In another sign that the controversial Ahmanson Ranch housing project may never be built, owners have replaced the president of the ranch development company, while continuing talks with state officials about converting the 2,800-acre Ventura County property into parkland.
Washington Mutual Inc., owner of the ranch, confirmed Monday the departure of Guy Gniadek, who had spent 17 years planning and promoting the 3,050-home Ahmanson golf course project at the western edge of the San Fernando Valley. Washington Mutual acquired the ranch in 1998 in a purchase of H.F. Ahmanson Co.
Gniadek, 47, did not return telephone calls Monday, but Seattle-based Washington Mutual, the nation's largest savings bank, issued a statement:
"Guy Gniadek has left the Ahmanson Ranch team to pursue other endeavors," it said. "We are most grateful to Guy for the significant amount of time and energy he devoted to advancing the Ahmanson Ranch project."
Dave Murphy, a Washington Mutual senior vice president, has replaced Gniadek as head of the Ahmanson Ranch project, the statement said.
"Under [Murphy's] leadership, it is the company's intention to continue with the development approval process for the ranch and, concurrently, pursue discussions and arrangements with developers and the state regarding the ranch," it said.
Tim McGarry, a company spokesman, would not elaborate. But Gniadek's predecessor and onetime mentor, former Ahmanson Land Co. President Donald Brackenbush, said the change suggests that Washington Mutual is not going to develop the ranch.
"It looks like they've thrown in the towel," said Brackenbush, a Pasadena architect who designed the Ahmanson Ranch plan in the mid-1980s and led the development effort until 1997 when Gniadek took over. "They've switched horses from being a developer to being a seller of park land."
Brackenbush said he had been scheduled to play golf with Gniadek last week. "Then all this happened. It's awful.... And what is really discouraging is all the time and energy and money that's gone into this."
While Brackenbush has insisted that the Ahmanson Ranch development near Calabasas would have been a logical response to the state housing crisis, residents of surrounding communities have described the project as a potential environmental disaster that would bring 37,500 cars a day to clogged Los Angeles County roadways.
The $2-billion project, first approved in 1992, has been blocked by more than a dozen lawsuits, studies of a rare frog and an endangered wildflower and then, last year, a costly high-profile campaign led by Hollywood celebrities. It is still tied up in a lawsuit filed by several L.A. County jurisdictions after Ventura County approved a new environmental study in December.
Ahmanson Ranch, a rolling landscape long used to graze cattle and sheep, is a mix of oak woodlands and grass. It is the largest privately held parcel in the Santa Monica Mountains.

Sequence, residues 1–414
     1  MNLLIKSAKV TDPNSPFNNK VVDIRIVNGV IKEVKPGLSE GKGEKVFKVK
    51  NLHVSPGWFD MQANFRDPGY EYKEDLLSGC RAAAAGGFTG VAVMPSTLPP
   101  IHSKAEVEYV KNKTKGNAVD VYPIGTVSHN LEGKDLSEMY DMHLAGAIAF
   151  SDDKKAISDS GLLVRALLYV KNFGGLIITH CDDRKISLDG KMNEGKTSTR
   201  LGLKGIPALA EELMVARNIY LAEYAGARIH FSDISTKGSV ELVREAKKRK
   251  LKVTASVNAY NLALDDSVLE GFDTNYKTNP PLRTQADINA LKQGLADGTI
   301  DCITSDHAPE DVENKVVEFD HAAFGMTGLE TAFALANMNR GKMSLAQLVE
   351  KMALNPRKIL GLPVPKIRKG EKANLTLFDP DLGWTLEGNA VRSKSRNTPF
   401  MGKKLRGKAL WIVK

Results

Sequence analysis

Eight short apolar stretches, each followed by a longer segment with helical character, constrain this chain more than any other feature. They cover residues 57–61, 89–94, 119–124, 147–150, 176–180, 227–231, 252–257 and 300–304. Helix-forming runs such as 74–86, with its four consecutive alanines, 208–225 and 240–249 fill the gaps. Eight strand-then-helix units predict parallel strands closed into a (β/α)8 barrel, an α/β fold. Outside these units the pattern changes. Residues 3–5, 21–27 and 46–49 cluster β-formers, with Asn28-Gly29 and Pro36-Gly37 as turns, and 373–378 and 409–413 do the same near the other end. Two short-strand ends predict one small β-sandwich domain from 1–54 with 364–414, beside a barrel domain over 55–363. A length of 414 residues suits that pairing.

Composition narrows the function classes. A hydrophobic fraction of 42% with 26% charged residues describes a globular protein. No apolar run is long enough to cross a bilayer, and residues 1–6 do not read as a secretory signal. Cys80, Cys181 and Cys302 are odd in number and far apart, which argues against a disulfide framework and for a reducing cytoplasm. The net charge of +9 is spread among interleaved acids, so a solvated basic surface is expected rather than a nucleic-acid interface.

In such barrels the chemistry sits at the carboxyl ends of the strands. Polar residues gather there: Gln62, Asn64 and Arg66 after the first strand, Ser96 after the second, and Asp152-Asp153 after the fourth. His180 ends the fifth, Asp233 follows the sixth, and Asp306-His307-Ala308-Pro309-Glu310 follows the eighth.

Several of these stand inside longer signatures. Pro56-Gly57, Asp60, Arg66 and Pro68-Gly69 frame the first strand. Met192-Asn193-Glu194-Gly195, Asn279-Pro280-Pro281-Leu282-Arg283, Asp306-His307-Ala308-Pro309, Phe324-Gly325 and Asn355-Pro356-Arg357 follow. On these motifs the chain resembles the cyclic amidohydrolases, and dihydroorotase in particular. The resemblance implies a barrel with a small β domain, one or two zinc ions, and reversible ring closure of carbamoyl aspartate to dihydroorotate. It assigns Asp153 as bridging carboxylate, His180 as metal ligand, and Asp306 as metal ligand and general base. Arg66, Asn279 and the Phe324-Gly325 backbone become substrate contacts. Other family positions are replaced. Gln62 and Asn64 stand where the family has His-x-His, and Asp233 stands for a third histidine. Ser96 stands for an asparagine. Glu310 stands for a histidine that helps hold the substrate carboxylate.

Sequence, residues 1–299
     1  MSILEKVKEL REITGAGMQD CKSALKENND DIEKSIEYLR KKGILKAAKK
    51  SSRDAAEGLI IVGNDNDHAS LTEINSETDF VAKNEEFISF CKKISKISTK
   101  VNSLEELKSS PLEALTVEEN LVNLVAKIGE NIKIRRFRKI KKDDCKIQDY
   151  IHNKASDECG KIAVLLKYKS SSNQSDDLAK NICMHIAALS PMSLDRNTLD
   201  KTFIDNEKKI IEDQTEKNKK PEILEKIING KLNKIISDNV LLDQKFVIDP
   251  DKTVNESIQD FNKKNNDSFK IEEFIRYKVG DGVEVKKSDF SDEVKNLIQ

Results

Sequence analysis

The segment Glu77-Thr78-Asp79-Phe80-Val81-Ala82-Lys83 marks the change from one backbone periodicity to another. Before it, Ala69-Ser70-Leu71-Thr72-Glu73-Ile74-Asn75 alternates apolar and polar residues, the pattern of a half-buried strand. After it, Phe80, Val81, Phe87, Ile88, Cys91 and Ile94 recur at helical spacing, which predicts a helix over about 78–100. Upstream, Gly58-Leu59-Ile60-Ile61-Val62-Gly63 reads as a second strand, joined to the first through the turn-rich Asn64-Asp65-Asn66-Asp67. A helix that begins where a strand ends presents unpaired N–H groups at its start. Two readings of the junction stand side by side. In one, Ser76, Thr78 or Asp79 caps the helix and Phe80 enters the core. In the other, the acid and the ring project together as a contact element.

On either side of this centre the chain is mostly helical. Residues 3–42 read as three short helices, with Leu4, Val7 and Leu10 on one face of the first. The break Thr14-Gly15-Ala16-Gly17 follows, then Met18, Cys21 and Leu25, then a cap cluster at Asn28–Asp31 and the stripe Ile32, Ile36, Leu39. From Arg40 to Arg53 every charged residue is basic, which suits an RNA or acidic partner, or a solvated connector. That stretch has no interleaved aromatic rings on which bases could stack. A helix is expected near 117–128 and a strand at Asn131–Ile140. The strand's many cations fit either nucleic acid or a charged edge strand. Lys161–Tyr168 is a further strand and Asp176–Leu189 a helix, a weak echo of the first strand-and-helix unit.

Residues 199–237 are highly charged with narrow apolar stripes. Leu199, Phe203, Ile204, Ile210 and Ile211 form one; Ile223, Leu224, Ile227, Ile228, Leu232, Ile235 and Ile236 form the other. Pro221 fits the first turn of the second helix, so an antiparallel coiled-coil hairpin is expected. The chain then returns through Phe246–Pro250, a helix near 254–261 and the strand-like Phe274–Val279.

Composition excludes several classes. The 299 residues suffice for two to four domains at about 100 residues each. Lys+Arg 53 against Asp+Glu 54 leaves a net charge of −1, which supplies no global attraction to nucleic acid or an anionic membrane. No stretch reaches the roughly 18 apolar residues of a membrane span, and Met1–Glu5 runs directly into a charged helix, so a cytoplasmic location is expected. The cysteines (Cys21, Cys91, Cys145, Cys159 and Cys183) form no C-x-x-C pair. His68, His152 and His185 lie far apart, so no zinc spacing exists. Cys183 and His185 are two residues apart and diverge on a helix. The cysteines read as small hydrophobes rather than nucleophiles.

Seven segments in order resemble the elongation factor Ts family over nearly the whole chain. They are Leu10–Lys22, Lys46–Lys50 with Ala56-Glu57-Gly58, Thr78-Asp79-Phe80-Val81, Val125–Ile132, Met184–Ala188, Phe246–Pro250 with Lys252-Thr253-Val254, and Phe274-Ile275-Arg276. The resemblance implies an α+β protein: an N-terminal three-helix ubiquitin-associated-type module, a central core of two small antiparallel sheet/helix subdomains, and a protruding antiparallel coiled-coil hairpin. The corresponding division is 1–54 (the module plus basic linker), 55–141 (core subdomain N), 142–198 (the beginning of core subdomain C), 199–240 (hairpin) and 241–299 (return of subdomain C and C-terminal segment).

After insisting for years that it would not sell Ahmanson Ranch, Washington Mutual last month confirmed discussions with top state officials to possibly transfer the ranch to a parks agency. A California Resources Agency spokesman said that a state appraisal of the ranch should be completed in several weeks.
Agency Secretary Mary Nichols has said the state is eager to acquire so much open space abutting Los Angeles but won't pay too much for it. Her caution reflects an increasing concern that money from recent bond issues for land and wildlife preservation not be spent on only a few high-priced projects.
In the Los Angeles area alone, Ahmanson Ranch joins a potential 500-acre purchase at the Ballona Wetlands, near Marina del Rey, and 100,000-acre purchase on the mountainous Tejon Ranch, north of Santa Clarita, to complete a key wildlife corridor.
The price for the Ballona Wetlands would likely exceed $100 million, Ahmanson Ranch has been valued at $300 million and more, and Tejon Ranch's more rural acreage could easily cost tens of millions, sources close to those deals have said.
Under Proposition 50, passed last year by voters, at least $336 million is available specifically for projects in Ventura and Los Angeles counties. For Southern California, at least $550 million has been set aside for parkland and wildlife habitat, according to the Resources Agency.
Ahmanson Ranch ranks high on that list because of the land's value as open space in an urban area, its importance as a wildlife corridor and its location at the head of the Malibu Creek watershed, Nichols has said, adding that the land is also perfect for hiking and family outings.
Conversely, Gniadek said in an interview last year that the Ahmanson Ranch development would be a model of "smart growth" development, a self-supporting town of 9,000 people that would mix million-dollar country club estates with hundreds of affordable apartments, condos and "granny flats."
But Gniadek had said he feared further delay.